And, of course, care for the animals. Five of them, barring the yearly litter of raccoon doggies.
 
Last summer Lyme knocked out my left knee (among other temporary inconveniences) which made carrying Kobus down the stairs somewhat problematic. He very well manages going back up the stairs, to his room, but refuses to go down. Since he's 40k+ I figured weight might be a factor so I lost 20k in about six month using a revolutionary concept: eating less. Moreover my knee slowly improved so I can move like Jagger nowadays and carrying Kobus is no longer a problem.
 

 
For the time being at least and hopefully for several years to come. He's currently catching up on sunshine because we got a gorgeous Indian summer to make up for the lost Dutch one.
 
I've had to move Snowy, a white raccoon dog that I've had for four years, to a zoo in Germany (Solinger Vogel- und Tierpark) because his father (the white one below) suddenly saw him as a rival. Raccoon dogs are exceptionally silent creatures, except when they fight. Then they're worse than cats, I can assure you, and fights are inevitable once the relation is hostile. To fill the gap I kept a wild coloured one of this years litter. He's already bigger than his parents now and always keeps his distance, which suits me fine because he's otherwise unproblematic. He's the one in the background.
 

 
Since this is both an update and an afterword of sorts, I'll include Flurry for completeness:
 

 
I found him some four years ago while walking the dogs on a wood path nearby. The first two days he could only fly at a 45 degrees angle downwards, but eventually he managed longer flights. He's lived in my living room ever since but has never landed on me. Nor do I invite him to. You see him here at base camp, a bird cage that he's never seen from the inside. He commutes to an outpost, a bookshelf at the other end of the room. He never lands anywhere else, which is convenient, guano wise. The pile in his cage is too fascinating to remove anyway.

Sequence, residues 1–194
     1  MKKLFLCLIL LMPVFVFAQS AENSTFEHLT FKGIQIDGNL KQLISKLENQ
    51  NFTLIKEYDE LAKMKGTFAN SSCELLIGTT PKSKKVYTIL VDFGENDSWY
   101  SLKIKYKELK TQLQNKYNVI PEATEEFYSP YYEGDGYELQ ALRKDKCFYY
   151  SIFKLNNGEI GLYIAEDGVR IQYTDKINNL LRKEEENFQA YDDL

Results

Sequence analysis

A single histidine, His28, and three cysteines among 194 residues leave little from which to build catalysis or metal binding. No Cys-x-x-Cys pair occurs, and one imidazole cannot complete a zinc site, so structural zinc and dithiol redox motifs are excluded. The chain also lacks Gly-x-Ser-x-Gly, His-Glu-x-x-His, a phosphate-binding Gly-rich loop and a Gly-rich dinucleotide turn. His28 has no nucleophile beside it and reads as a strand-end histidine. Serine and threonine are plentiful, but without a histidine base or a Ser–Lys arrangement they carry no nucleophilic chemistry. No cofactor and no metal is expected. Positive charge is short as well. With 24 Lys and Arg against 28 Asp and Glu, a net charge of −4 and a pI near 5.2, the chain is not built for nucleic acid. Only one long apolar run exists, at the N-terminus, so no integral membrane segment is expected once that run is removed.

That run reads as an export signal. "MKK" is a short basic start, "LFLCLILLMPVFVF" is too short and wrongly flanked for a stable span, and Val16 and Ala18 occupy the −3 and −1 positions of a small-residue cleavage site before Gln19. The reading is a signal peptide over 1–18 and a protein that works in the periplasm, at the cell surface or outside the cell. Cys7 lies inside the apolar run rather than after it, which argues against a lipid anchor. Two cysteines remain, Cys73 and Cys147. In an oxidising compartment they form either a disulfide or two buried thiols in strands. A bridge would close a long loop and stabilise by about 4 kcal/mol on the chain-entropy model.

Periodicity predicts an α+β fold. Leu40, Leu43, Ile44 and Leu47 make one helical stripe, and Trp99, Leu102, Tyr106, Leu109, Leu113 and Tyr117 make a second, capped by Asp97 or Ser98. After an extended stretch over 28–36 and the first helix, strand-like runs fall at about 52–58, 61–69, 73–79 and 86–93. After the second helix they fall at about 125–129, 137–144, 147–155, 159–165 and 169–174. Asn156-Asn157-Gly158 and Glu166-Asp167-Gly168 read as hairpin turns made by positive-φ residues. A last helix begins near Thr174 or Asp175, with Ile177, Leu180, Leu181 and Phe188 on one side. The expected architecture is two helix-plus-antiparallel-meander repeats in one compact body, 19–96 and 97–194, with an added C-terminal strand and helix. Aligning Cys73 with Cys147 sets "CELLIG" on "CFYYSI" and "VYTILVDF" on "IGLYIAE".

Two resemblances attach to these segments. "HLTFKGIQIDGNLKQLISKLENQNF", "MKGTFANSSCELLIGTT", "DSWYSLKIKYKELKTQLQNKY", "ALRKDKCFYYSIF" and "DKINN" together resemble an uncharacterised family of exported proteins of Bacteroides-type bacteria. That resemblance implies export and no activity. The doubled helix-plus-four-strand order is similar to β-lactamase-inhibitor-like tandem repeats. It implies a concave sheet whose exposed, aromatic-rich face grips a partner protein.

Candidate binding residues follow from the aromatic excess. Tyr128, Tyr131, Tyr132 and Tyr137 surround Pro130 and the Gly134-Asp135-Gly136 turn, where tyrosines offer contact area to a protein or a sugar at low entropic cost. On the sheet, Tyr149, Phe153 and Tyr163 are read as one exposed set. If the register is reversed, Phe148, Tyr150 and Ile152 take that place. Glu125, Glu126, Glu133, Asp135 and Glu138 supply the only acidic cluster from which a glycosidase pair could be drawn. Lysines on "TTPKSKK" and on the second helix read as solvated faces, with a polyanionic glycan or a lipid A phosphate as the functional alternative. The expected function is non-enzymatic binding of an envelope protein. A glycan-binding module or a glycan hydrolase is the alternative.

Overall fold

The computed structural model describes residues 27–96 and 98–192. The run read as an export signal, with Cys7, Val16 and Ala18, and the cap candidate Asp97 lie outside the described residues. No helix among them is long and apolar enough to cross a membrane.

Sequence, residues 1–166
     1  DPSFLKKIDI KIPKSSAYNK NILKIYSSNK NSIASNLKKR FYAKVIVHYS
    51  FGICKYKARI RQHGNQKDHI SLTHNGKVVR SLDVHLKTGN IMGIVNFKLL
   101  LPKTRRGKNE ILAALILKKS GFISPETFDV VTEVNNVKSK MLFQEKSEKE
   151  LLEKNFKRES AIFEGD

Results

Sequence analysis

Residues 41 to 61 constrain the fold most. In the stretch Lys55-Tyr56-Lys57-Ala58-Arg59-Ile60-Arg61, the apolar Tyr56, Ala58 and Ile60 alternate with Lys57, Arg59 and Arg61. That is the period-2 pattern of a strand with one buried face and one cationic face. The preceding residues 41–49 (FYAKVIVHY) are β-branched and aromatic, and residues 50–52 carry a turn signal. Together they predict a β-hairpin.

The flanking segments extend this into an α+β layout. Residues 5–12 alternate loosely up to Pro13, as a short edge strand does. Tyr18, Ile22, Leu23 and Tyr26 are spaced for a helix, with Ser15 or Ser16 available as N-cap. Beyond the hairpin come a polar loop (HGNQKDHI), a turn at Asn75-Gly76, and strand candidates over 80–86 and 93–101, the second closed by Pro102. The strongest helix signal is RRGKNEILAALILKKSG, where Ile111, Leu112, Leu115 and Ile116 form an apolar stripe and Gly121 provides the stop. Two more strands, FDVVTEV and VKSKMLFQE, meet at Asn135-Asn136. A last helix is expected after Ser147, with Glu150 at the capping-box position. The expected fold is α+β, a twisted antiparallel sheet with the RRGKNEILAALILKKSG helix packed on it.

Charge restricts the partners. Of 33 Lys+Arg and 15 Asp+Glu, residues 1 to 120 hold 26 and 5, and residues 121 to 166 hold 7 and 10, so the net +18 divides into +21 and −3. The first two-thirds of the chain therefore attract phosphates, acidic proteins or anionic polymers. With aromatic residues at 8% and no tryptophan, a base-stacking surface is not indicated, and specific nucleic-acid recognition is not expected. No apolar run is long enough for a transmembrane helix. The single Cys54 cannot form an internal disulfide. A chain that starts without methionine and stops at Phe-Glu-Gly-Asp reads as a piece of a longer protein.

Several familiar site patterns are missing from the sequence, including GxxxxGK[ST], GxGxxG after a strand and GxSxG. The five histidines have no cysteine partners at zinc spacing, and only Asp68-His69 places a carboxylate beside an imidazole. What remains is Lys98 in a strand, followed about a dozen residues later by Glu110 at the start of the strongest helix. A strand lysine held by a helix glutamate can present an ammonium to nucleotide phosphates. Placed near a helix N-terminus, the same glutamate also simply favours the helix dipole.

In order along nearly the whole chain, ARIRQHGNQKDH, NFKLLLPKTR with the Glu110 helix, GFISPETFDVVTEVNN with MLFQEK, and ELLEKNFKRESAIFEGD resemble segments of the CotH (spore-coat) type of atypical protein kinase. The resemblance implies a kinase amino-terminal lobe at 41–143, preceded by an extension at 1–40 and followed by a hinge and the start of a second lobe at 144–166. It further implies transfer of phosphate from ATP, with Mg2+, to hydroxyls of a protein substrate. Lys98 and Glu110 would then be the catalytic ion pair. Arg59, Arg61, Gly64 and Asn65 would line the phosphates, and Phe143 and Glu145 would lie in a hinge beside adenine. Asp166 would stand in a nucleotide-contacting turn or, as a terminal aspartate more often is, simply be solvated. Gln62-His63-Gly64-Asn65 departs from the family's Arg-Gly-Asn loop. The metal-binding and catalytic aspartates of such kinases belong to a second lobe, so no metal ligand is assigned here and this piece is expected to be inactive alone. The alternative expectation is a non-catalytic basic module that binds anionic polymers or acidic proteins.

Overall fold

So if and when I fade away into the background and someone asks, know that I'm busy living happily ever after, till the time comes that time stops and I'm bound to face the same problems I had before I was born. I'm not at all in a hurry to get there, but I've chosen Afterhours for just such an occasion.
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Re: Christian Freeling on inventing games (part 2)
« Reply #70 on: Oct 16th, 2014, 11:55am »
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As I write, four players have played more than 10 Pit of Pillars games, Ed van Zon, Jos Dekker, Tjalling Goedemoed and yours truly. That's not bad, considering PoP has a high threshold for beginners. It is one of those games where you can get no insight whatsoever into its inner workings, its tactics and the peculiar strategy dilemma surrounding its tipping point towards the endgame, by merely reading the rules. So you'd have to trust me if I say it's worth the effort.  
 
If you care to do so, you have two options: challenging a beginner or challenging a more seasoned player. The first option will slowly lead both to a deeper understanding of PoP's rather unique endgame dilemma. The second will do it fast, but at the price of losing n-in-a-row. Fortunately most posters here would realise the game is not to blame.